By: Paul Gionfiddo, president and CEO, Mental Health America
We don’t usually use this blog to review books. A Mother’s Reckoning
was for me — as it will be for many people — a difficult book to read. It speaks to an incredibly raw and relevant
A Mother’s Reckoning was written by Sue Klebold. Sue’s son Dylan died by suicide in 1999, and she writes of
her pain in his passing.
But Sue’s pain is different and more intense than most. This is because before he died by suicide, Dylan and his
friend Eric Harris massacred twelve students and one teacher at Columbine High School, injured twenty-four others, and
changed our world.
It may be hard to believe that many parents will relate to her story.
Like Sue in the days leading up to the horrible tragedy, even when faced with clear indications that a child is
beginning to struggle, they have no understanding of how to process that information, no language to use to describe
it, and no place to turn for support, and no idea what to do next.
Sue makes no excuses, but she acknowledges that she did not know the warning signs or clues that pointed to Dylan's
depression. Even if she had, she would not have seen them in Dylan. Up until the day he died, she believed her son was
typical, she knew him well, and her relationship with him was open and honest.
Dylan successfully hid his depression from her. He also hid much of his life from her. He hid his plans for the
massacre and the toxicity of his relationship with Eric.
The consequences of Dylan’s secrecy were tragic for an entire nation.
But every day, there are smaller tragedies that parents face when their children are not mentally healthy. These
tragedies are captured not in the headlines, but in the young people who are homeless in our streets, those who
languish in our jails, or those whose deaths are noticed only in the slight and steady uptick in the nation’s suicide
rate. And then there are those who survive violence like that at Columbine or Newtown — children and adults
who for years to come may face a multitude of physical and mental health challenges. Long after the headlines fade and
the reporters go home, they still need our help.
In our MHA screening program, one-third of screeners
are between the ages of 11 and 17 - because perhaps they don't have access to depression, anxiety, and other screening
tools elsewhere. Like all age groups, two-thirds screen as positive for the condition for which they screen.
Two-thirds of those tell us they have never been diagnosed or treated for the problem or condition. And a third say
they plan to do nothing after getting their results.
The truth is that most depression will not result in death, and most bad relationships will do no lasting harm. But
Dylan’s depression did progress to Stage 4, and the harm that resulted takes one’s breath away.
So how can we prevent this?
I’m not saying we could have prevented the tragedy at Columbine. But we can and should identify mental health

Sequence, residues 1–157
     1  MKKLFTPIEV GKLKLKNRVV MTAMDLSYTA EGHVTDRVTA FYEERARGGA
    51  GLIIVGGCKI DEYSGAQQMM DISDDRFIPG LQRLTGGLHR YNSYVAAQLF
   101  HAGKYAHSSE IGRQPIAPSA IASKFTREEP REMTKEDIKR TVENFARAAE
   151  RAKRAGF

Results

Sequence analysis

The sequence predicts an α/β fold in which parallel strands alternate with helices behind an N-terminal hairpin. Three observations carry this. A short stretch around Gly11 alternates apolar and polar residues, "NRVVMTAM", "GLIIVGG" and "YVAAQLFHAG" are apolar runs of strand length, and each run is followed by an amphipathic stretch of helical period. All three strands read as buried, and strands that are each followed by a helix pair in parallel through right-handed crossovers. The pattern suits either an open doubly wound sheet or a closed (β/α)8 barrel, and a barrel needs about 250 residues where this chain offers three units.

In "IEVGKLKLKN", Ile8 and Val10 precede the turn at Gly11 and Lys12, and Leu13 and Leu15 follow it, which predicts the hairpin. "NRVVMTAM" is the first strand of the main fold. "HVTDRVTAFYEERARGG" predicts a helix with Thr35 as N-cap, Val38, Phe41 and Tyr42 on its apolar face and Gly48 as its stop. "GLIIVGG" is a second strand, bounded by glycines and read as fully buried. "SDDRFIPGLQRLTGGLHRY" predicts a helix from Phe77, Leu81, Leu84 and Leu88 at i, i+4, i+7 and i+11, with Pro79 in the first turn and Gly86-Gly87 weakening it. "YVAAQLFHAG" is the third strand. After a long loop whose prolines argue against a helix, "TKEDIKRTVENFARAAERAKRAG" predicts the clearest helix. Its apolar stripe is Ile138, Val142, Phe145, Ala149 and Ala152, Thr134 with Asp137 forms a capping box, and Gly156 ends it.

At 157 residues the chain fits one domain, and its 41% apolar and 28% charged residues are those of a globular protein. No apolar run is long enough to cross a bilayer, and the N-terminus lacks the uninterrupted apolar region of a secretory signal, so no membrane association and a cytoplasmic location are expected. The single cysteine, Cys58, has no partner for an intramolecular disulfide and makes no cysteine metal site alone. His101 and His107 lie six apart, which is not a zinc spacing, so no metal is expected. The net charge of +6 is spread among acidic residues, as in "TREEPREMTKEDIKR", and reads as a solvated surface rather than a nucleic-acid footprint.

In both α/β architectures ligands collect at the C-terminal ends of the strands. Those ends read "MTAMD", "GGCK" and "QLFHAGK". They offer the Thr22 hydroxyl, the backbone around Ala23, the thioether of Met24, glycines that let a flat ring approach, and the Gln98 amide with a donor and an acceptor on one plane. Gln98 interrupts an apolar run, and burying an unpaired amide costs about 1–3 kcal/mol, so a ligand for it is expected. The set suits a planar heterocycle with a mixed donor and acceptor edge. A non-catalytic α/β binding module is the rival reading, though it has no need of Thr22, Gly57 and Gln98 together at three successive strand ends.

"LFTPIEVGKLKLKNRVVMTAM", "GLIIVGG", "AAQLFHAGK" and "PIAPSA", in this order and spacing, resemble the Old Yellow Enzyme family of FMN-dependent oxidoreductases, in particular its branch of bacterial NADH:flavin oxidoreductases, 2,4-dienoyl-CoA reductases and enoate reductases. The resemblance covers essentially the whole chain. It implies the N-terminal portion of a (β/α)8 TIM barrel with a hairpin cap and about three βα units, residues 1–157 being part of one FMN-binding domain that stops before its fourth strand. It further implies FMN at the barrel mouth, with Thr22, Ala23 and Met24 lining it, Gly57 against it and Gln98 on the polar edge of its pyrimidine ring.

concerns early. We should intervene aggressively to mitigate and address them. And we should never forget how many
lives were taken and ruined in Columbine and elsewhere because as a matter of public policy we do not do these
There are people who believe that today’s status quo is acceptable. They are afraid that if we change it, it will
certainly make things worse. I think they are wrong about this. Yes, some people will point to the unspeakable harm
caused by Dylan and argue that this is why we need to reform our mental health system. They will see only the
connection between his mental illness and the violence he perpetrated.
But if we really listen to the message of A Mother’s Reckoning, I think we’ll come to a different
B4Stage4 means more…
Acting Before Stage 4 means more than acting after a crisis has occurred, more than trying to pick up the pieces of
broken lives, more than wishing we could go back and change one tragic day.
Acting Before Stage 4 means bringing mental health concerns into the light of day, treating not just “serious” mental
illnesses but treating all mental illnesses seriously, and making health and recovery our daily goals.
This is the essence of MHA's B4Stage4 program and philosophy – a program Sue Klebold supports.
If we listen to her voice and try to learn from what she has experienced, our pathways to mental health may be
clearer. We will hopefully be less quick to judge, but quicker to act – in response to depression, to the suicidal
thinking that can accompany it, and to the rage we sometimes don’t see in young people when we are distracted by the
many other challenges in our lives.
We will understand that we are all part of the bigger story, and that we must all do what we can to help all of our
children, including those who need our help the most.